People’s Power stops a modern-day lynching

After a conciliatory reception at the hospital and learning MOVE member Delbert Orr Africa had been returned to prison, supporters went there, to SCI (State Correctional Institution) Dallas. Two MOVE members were allowed in to see him and found him still weak but in good spirits.

by Betsey Piette

A massive phone protest by people from around the world and calls for direct protests forced the Pennsylvania Department of Corrections to back down from carrying out the state’s latest attempt to kill MOVE 9 member Delbert Orr Africa.

For over a week all communication between Orr Africa and his family and friends was cut off after he was sent to the prison infirmary at SCI Dallas. He was subsequently transported to Geisinger Hospital in Wilkes-Barre, Pa., and held incommunicado. Prison and hospital officials refused to release any information about his condition or allow visits from family or legal representatives.

When taken from SCI Dallas, Delbert reportedly had swelling in his lower extremities from a fluid build-up. On Aug. 7, supporters heard from two separate sources that Delbert had been given no more than 72 hours to live.

The MOVE family immediately held a press conference in Philadelphia on Aug. 7, calling for phone calls to authorities and for demonstrations outside Geisinger and SCI Dallas on Aug. 9. Of primary concern was the threat of further retaliation by the state against MOVE near the 41st anniversary of the Philadelphia police assault on a MOVE house that led to his unjust incarceration. They feared that a modern-day lynching was underway.

People’s Power at work

On Aug. 8, Delbert was returned to SCI Dallas and finally allowed to speak to his family by phone. On Aug. 9, when carloads of protesters gathered at Geisinger Hospital, they were greeted by extremely conciliatory hospital officials. An official hospital press person even offered them food and drinks. Meanwhile, some family members were allowed inside to get paperwork to request access to Delbert’s medical records.

The protesters then traveled to the nearby prison, where two MOVE members were allowed inside to visit Delbert while other demonstrators gathered outside. Thanks to all the calls – the power of the people – communications were restored with Delbert, who, according to visitors, appeared in good spirits but was still very weak.

On Aug. 8, 1978, Delbert was one of nine MOVE members arrested during the Philadelphia police assault on the MOVE house in Powelton Village. Police officer James Ramp died during the assault, likely struck by one of the tens of thousands of rounds fired by his fellow officers that day. Following the attack, Delbert, the last MOVE member to leave the house, was brutally beaten and assaulted by police.

This iconic photo, known around the world, shows police terror at its most dramatic – police singling out Delbert Orr Africa, then a MOVE spokesperson, and beating him with all their might the day they attacked MOVE’s home, on Aug. 8, 1978. Police terror is supposed to intimidate, but this photo inspires pride that a young man could believe so strongly in justice and peace that he could survive when the police threw all they had at him. Delbert Orr Africa proved in this month of Black August that he is still that man. – Photo: Jim G. Domke, Philadelphia Inquirer

Nine MOVE members were all found guilty of firing the same bullet and were convicted of murder, assault and conspiracy by the late Judge Edwin S. Malmed. They were all sentenced to 30 to 100 years in prison. Despite serving over 41 years of the sentence, Delbert Africa remains unjustly imprisoned.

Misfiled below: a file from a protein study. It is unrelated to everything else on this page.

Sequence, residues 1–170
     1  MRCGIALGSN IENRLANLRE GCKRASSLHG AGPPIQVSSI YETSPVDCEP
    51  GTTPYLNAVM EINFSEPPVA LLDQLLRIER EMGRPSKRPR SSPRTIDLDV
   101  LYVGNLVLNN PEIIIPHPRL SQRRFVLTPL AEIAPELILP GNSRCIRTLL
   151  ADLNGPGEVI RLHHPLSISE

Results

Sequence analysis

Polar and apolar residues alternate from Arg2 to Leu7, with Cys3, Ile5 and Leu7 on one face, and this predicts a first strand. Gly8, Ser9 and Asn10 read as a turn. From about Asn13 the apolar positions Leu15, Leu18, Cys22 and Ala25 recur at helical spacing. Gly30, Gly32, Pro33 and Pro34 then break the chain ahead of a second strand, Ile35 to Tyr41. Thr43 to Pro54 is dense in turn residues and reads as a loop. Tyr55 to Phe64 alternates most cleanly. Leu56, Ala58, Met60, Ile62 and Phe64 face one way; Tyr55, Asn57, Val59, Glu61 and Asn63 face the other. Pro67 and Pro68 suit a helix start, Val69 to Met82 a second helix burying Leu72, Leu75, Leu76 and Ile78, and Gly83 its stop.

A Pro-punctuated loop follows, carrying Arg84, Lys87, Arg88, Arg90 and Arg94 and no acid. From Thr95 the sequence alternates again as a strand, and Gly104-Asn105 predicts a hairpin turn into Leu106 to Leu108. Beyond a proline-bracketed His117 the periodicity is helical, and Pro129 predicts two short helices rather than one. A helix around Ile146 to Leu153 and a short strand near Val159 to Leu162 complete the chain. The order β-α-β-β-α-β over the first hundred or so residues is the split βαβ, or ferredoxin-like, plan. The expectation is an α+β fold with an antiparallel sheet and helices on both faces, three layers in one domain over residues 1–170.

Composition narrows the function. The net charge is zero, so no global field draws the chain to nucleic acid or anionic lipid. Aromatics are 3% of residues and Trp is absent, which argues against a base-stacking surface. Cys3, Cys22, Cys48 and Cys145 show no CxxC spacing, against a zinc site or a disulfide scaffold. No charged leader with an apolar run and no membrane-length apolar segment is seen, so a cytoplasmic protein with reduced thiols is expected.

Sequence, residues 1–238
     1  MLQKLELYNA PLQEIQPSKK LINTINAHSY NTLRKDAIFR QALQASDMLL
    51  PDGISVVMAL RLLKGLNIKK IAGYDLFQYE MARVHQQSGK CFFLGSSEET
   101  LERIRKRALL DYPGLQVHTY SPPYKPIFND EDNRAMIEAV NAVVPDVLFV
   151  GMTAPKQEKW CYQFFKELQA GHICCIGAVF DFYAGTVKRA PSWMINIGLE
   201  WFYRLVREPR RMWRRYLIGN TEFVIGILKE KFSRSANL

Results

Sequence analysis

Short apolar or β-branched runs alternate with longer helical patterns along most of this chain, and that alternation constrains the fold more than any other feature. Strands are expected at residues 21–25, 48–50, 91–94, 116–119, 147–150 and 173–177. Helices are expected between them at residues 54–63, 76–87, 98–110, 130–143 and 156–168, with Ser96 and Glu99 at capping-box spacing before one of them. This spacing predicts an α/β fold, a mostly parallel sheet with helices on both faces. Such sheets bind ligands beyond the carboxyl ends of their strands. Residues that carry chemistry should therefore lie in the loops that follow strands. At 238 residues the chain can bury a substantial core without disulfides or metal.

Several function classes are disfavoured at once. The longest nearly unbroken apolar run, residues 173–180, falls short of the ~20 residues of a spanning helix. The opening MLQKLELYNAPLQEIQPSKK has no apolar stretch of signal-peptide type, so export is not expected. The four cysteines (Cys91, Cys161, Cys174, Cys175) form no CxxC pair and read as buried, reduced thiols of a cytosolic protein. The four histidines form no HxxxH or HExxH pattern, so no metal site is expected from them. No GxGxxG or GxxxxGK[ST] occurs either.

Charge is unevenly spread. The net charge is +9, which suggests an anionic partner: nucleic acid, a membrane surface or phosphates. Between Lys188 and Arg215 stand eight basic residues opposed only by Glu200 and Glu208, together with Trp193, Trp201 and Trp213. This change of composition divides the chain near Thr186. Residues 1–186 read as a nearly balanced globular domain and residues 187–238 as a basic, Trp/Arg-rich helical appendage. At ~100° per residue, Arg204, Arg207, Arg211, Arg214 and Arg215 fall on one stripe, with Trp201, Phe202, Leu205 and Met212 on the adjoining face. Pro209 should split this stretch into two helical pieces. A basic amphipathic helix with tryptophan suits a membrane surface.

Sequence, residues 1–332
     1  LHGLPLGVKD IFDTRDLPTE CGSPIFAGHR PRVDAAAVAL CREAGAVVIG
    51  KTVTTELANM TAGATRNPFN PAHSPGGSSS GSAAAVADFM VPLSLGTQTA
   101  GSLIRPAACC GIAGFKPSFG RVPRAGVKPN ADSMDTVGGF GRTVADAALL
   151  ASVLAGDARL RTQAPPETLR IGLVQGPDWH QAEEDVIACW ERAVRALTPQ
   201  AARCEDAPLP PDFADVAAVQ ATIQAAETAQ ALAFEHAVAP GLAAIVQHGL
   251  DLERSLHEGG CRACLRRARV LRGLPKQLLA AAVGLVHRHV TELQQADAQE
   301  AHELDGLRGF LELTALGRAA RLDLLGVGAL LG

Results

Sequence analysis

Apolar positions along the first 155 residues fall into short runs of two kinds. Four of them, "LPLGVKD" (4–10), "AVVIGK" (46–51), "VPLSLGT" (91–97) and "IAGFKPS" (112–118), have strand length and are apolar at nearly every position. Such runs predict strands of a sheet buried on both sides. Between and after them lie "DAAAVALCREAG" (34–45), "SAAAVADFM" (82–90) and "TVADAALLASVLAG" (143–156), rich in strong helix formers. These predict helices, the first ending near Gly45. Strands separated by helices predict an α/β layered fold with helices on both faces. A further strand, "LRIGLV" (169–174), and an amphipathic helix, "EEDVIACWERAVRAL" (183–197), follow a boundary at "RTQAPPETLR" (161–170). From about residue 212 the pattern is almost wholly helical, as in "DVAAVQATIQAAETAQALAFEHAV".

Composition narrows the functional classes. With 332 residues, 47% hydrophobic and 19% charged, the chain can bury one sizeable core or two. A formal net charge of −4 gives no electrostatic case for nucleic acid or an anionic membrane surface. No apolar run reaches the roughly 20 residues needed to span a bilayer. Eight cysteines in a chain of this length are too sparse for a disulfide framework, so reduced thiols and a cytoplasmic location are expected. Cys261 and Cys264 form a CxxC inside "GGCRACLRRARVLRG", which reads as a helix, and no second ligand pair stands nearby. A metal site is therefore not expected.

Two MOVE members killed by PA DOC

After serving over 40 years, five MOVE 9 members – Debbie, Michael, Janine, Janet and Eddie – have been released on parole beginning in June 2018. Delbert is scheduled for a parole hearing in September.

With no communication or access to his health care records, MOVE members expressed concerns at the Aug. 7 press conference that the state would try to kill Delbert before he could be paroled. They pointed out that the conditions surrounding the 2015 death of MOVE 9 member Phil Africa were suspiciously similar to Delbert’s situation. After Phil was taken to an outside hospital with a minor stomach virus, he was held incommunicado for five days. After returning to SCI Dallas, he died a day later in hospice care.

In 1998, after recovering from a stomach virus at SCI Cambridge Springs, MOVE 9 sister Merle Africa was told by prison officials that she was dying, which happened a few hours later.

‘Thank you for your support’

Delbert and the MOVE family expressed their appreciation for the support from everyone who made calls, shared information through many networks and traveled with the caravan on Aug. 9. Next up is to bring Delbert Africa home.

In an email to a Workers World member received Aug. 9, Delbert described how the prison kept him from contacting family to assure them he was all right:

“You would have laughed at these insecure puppets’ fear as they went into so-called security. They came in my room at the hospital with arms and hospital security Sunday morning (Aug. 4) and told me I was a ‘high-level escape risk’! I laughed at that, since I had tubes sticking out of damn near everywhere! They moved me to a so-called security room, put three guards on me, two of them armed, and it was that way until today.

“I want to thank you and all the other Workers World [readers] that have given your support to the MOVE Family. No doubt in my mind y’all turned these suckas around!! Stay on the Revolutionary Road Always!! Love and Solidarity!”

This story was originally published by Workers World, 147 W. 24th St., 2nd Fl., New York NY 10011, 212-627-2994, wwp@workers.org, www.workers.org.